Why I like The Strange Case of Billy Biswas – Esther David

Arun Joshi’s novel “The strange case of Billy Biswas is one of my old favorites. I had bought it in the seventies from a bookshop at the railway station. Often I turn to this book as it is all about freedom of the human spirit. Billy Biswas is now in tatters, because the silverfish also love him. With all my interest in the book, I do not know anything about the author. But, I was impressed that he had dedicated the novel to his father in memory of thirty years of love and friendship. Recently, I was rather touched to see that it has been republished with a new cover. I do not think the book did very well, but the mere fact that it has been republished makes one realize that a good work of literature survives time. 

The entire gist of the book is narrated in the first page “As I grow old, I realize that the most futile cry of man is his wish to be understood. The effort to understand is even more futile. If in spite of this I propose to relate Billy’s story, it is not because I claim to have understood him, as it is on account of a deep and unrelieved sense of wonder that in the middle of the twentieth century, in the heart of Delhi’s smart society, there should have lived a man of such extraordinary obsessions.” 

The story revolves around Billy Biswas educated in the USA and a professor of anthropology. He disappears unto a tribal community, much to the chagrin of his family. They start a statewide hunt for him, which eventually ends in tragedy. Because, it was hard for the civilized world to understand that Billy was a free soul and nothing on earth could tie him down, not even death, “After lunch I lay in my camp bed and read through a couple of magazines that I picked up in New Delhi, and an old copy of the New Yorker. As I leafed through them the whole thing, hallucination or whatever it was, that has been haunting me since the time of my meeting Bilasia, miraculously cleared up. You are some kind of a nut, aren’t you, Billy Biswas, I said with unutterable relief. What do you think is going to happen to you? Are you going to run away with that Bilasia. Maybe all you want is to get her into bed. Who do you think was going to happen to your wife and child?”

While reading these chapters one almost assumes that Billy is an irresponsible human being. That is when the craft of the writer comes to the fore. Arun Joshi delves into the complexities of human desires and dreams, “All we could hear was the sound of her anklets above our heads, sometime here, sometime there, winding along the narrow footpath that a million feet had beaten into the side of the hill at the bottom of which stood Dhunia’s hut. I remember how we stopped talking and how we waited in silence for her to emerge from the darkness.”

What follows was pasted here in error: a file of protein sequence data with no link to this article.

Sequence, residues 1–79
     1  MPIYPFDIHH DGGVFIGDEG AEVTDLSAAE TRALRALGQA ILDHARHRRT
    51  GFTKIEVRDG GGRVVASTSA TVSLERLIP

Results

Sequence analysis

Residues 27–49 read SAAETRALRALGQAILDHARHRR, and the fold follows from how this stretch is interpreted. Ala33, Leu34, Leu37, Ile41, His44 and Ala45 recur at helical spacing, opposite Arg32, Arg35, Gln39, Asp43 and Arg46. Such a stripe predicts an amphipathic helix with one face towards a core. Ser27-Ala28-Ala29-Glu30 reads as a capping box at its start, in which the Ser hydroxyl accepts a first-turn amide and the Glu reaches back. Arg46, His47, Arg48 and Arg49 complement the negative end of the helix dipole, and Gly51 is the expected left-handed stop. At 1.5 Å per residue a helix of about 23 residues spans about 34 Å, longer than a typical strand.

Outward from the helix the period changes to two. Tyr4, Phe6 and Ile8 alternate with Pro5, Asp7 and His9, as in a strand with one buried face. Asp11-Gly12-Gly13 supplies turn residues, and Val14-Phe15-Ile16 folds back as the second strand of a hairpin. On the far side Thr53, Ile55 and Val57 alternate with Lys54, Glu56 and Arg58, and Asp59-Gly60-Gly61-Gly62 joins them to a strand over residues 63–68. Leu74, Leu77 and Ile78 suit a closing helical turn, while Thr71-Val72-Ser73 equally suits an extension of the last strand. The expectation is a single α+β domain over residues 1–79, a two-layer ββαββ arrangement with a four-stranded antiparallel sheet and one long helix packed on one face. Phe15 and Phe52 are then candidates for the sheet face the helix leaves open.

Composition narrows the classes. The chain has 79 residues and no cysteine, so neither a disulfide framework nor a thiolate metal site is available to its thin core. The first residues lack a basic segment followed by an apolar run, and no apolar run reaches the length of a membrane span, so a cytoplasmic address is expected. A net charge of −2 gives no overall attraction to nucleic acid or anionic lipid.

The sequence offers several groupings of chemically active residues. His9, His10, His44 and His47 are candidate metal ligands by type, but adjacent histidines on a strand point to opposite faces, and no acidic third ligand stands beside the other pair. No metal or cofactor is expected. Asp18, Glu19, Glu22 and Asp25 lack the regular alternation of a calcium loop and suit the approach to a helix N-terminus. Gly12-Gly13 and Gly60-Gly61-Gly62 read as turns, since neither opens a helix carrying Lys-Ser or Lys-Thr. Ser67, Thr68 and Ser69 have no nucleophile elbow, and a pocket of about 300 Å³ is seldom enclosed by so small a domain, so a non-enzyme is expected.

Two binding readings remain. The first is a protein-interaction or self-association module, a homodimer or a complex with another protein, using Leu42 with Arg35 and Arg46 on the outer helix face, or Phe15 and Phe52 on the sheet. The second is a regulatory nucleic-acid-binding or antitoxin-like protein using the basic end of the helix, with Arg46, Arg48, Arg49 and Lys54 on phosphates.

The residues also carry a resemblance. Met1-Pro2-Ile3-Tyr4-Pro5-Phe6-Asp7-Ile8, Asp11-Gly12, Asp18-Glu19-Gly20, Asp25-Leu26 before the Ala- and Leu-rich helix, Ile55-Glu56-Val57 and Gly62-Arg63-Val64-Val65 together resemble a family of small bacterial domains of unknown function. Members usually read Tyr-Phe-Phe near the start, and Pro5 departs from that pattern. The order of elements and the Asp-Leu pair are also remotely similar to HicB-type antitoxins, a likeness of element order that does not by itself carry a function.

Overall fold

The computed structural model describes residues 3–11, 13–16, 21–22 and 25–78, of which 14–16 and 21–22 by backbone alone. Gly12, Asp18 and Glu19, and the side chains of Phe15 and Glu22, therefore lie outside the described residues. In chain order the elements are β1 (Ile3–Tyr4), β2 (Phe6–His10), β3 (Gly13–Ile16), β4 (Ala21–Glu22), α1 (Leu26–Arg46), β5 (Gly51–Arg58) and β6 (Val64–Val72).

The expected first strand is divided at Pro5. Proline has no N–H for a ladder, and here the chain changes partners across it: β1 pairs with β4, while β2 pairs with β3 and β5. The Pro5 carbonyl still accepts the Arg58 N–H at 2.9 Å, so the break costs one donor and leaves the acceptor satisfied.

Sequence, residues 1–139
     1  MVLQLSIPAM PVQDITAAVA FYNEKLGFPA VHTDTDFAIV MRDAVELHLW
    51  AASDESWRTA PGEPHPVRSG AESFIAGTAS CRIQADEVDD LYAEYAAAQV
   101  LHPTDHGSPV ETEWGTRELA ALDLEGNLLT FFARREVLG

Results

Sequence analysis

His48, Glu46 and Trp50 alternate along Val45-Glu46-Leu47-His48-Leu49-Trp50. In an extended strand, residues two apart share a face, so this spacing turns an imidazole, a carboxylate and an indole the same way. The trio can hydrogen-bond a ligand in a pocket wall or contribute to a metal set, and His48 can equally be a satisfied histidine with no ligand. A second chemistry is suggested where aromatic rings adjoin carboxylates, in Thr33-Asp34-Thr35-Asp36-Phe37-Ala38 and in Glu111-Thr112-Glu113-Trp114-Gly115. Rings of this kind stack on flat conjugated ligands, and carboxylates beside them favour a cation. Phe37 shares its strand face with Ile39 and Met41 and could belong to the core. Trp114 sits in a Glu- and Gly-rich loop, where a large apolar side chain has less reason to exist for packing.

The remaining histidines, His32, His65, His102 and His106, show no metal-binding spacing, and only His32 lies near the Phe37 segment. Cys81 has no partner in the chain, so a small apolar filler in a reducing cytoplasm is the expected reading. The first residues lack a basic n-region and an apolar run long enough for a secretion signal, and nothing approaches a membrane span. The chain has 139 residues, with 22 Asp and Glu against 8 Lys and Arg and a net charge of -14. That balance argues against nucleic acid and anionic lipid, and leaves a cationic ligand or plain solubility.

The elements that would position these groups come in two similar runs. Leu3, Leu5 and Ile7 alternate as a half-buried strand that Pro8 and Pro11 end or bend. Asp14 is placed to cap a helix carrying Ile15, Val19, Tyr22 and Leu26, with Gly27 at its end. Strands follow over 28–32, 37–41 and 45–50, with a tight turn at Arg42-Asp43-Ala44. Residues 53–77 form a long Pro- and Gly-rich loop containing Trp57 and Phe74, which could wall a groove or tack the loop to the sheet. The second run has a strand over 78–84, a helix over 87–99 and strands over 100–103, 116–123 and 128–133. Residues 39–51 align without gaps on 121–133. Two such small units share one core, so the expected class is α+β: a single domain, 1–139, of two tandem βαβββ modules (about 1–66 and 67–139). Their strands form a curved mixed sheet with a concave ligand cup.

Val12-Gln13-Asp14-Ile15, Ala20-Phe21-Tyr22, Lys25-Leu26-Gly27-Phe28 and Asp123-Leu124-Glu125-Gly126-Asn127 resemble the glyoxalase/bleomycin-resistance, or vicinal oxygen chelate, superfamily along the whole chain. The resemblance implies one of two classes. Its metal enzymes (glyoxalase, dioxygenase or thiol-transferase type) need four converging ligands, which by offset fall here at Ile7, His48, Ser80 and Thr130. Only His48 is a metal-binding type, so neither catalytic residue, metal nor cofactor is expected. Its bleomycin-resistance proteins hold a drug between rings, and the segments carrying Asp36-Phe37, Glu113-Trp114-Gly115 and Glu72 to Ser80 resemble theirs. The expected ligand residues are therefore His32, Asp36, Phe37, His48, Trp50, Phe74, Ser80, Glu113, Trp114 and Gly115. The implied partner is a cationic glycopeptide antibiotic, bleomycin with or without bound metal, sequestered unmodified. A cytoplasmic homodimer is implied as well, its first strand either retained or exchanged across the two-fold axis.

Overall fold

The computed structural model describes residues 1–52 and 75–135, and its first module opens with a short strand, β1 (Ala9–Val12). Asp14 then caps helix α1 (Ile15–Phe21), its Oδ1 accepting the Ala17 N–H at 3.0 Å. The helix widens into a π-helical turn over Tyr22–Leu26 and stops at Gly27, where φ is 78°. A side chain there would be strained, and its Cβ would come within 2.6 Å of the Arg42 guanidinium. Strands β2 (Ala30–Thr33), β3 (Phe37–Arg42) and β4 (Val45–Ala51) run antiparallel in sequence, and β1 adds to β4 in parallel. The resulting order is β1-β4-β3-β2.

Few years before this experience Billy had told his friend Tuula in New York, “A strange woman keeps crossing my dreams. I have seen her on the streets of Delhi, nursing a child in the shade of a tree or hauling stone for a rich man’s house. I have seen her buying bangles at the fair, I have seen her shadow at a tribal dance and I have seen her pensive and inviolable, her clothes clinging to her wet body, beside a tank in Benares.”  This dream has supernatural intonations when Billy is worshipped by the tribals because of his knowledge of medicine and  astronomy. They believe he is the incarnation of the king who built the temple at Chandtola. “The temple stood in the middle of nowhere. All of a sudden it loomed in the glare of the headlights like an apparition.” According to legend the temple was commissioned by the king, who was carved the main idol. “The king left the palace and lived in a little hut by the temple. He ate what little the townspeople left by the hut. The king went mad. But the chiseling went on day and night. Then one night the chiseling ceased. In the morning the townsmen came and found the young king with the white hair, dead. The last piece, the one at whose feet he lay, was exquisite. No artist had ever infused such life in a stone figure or hewn such limbs out of common granite. But the figure had no face. That had always been the trouble. The king could never make the face of his god.”

The narration ends like this,“The strange case of Billy Biswas had at last been disposed off in the only manner that a humdrum society knows of disposing its rebels, its seers, its true lovers.”

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